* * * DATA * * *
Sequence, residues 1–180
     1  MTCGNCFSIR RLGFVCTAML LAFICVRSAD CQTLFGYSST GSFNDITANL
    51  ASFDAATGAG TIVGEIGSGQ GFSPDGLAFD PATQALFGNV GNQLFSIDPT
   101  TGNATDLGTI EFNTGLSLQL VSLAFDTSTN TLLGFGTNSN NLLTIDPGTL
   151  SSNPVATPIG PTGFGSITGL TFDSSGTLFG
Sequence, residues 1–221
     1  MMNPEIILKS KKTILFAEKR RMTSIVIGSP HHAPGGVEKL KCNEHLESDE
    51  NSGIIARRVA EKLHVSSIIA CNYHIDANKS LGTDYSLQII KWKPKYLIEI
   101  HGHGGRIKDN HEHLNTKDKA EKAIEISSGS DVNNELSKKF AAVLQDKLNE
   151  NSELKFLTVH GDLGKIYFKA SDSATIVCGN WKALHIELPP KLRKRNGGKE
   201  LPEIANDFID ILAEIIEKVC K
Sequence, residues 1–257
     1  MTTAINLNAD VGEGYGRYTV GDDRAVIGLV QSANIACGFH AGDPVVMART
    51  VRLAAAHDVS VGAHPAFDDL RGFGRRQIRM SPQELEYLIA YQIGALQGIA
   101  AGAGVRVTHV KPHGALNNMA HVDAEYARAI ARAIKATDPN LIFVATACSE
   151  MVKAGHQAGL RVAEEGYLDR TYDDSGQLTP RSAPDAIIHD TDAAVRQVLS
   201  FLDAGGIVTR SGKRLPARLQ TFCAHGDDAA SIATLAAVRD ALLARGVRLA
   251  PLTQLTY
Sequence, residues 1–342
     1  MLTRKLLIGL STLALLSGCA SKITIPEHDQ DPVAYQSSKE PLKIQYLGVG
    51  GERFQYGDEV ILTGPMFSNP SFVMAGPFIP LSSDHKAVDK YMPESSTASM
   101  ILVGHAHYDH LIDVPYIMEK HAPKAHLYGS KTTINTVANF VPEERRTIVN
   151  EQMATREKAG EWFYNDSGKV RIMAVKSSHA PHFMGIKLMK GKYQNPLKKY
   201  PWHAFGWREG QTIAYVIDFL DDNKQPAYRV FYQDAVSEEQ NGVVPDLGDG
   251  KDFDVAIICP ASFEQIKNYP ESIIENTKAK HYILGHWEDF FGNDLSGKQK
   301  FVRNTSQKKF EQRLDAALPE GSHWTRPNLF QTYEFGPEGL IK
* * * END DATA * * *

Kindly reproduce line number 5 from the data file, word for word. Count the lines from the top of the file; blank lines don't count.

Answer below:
   151  SSNPVATPIG PTGFGSITGL TFDSSGTLFG